The Thunderbolt Dock also packs in a little LED light on the front of the dock that glows green when it gets power. It’s reminiscent of your MagSafe charger indicator, so it’s going to keep die-hard Mac design fans happy. It’s handy because the only way you realised you’d lost power last time was when storage, headphones, network and life in general stopped working to the tune of an uncomfortable-sounding static noise coming from your AC adapter.
That’s the thing about the new Thunderbolt 2 Dock. It’s the little things that we disliked about the first one that are so much better now. Having used this thing every day since I reviewed it last year, I can assure you that the little niggles you hate really start to get to you the 400th time you have to pick your dock up to figure out where the goddamn plug is.
What’s Not So Good?
The only problem with using the dock full time is when it comes to your audio. Mac OS X Yosemite doesn’t recognise when you unplug an audio output device from the Thunderbolt Dock and immediately switch back to its internal speakers. Instead, you have to go into Sound pane in your System Preferences and reset it manually. Same goes for when you plug those headphones back in: you have to reset your Mac to pump sound back through the Thunderbolt Dock. It takes eight seconds, and even less if you’re a master of Spotlight search, but it’s an annoying thing to have to do more than once a day.
The footprint of the new Thunderbolt dock is much smaller, but it’s kind of hard to understand why this thing is the shape it is. I mean, I totally understand why it is the shape it is (because ports need space), but you have to wonder why Belkin didn’t make it a more complimentary shape for the things it’s sitting next to.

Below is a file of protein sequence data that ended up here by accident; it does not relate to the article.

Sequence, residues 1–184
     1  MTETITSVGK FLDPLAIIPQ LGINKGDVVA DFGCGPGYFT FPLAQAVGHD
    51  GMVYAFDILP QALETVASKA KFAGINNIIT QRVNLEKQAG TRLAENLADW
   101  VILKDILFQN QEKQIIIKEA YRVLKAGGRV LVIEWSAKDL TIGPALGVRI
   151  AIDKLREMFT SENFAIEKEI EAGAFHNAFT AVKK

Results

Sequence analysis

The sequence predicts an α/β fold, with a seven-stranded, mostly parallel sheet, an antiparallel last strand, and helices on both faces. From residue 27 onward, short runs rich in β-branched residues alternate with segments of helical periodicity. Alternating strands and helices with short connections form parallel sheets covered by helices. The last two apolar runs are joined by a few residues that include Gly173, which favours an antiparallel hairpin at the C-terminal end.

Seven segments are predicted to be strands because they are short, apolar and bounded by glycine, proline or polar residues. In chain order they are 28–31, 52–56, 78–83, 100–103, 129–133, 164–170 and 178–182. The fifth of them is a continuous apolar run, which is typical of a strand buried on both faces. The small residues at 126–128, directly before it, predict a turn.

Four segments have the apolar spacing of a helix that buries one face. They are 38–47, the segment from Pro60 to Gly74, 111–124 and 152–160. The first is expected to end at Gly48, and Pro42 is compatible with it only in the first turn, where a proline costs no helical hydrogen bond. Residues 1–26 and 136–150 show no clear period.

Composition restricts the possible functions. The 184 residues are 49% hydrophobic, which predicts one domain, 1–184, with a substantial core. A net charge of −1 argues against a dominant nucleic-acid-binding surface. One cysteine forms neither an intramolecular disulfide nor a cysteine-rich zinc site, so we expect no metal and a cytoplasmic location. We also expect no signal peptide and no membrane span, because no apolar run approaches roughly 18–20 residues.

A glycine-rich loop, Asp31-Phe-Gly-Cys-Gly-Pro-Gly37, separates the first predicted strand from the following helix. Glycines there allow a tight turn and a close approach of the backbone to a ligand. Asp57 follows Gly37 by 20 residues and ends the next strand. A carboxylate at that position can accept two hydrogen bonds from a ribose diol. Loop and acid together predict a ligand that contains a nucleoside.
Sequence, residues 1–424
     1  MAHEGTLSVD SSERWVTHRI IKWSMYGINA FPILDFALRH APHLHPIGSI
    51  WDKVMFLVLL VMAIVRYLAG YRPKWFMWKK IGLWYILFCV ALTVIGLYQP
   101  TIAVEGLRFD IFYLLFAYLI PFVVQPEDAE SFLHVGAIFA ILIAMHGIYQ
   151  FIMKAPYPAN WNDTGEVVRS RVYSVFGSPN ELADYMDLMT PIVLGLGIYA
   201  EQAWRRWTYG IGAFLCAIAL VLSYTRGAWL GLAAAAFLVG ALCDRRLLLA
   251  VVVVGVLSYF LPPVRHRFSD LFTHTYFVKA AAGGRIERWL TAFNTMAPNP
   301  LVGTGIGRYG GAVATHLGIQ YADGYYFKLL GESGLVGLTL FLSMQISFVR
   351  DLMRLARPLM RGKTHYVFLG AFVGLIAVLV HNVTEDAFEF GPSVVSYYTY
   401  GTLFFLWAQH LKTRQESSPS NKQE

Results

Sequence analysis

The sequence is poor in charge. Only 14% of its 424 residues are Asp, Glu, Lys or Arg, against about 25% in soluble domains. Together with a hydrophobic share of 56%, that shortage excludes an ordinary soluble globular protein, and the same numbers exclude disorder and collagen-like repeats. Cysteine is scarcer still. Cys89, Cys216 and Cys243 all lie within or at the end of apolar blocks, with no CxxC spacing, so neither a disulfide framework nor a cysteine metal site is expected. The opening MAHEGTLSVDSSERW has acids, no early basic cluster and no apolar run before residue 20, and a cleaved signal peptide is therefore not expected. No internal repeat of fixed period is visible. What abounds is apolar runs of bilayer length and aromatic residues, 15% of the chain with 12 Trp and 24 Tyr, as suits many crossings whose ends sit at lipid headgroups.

Think of it this way: the primary target of this device is MacBook users who are port-poor and need something to expand into. Why can’t the thing come in the same form factor as a MacBook? The same goes for using it with your iMac: why on earth can’t it just sit snugly on the base of the all-in-one? It’s about three centimetres too long for that, and it’s a real shame.
It’s still really expensive, too. $349.95 is more than a third of the price of your shiny new MacBook Air, for example. That’s quite a hit on the credit card, to be honest.
Honestly, I’m nitpicking at this point, but it’s something that design nuts can obsess over when they unbox it, because let’s face it, a die-hard Mac lover would buy this thing in an instant.
Should You Buy It?
That depends. Did you buy the first one? Because if you did, there’s no way in hell you should buy this thing. Sure, it’s more convenient for plugging new stuff in on your desk, but that’s not worth you chucking out a perfectly good Thunderbolt Dock and spending $350 on a new one. No way. No how.
If you’re just getting into the MacBook or iMac game and need some sweet expansion ports for your Thunderbolt and USB 3.0 devices, this is almost definitely the way to go.
I say “almost definitely” because if you look around, you can certainly find something cheaper, but you’ll struggle to find something as stylish.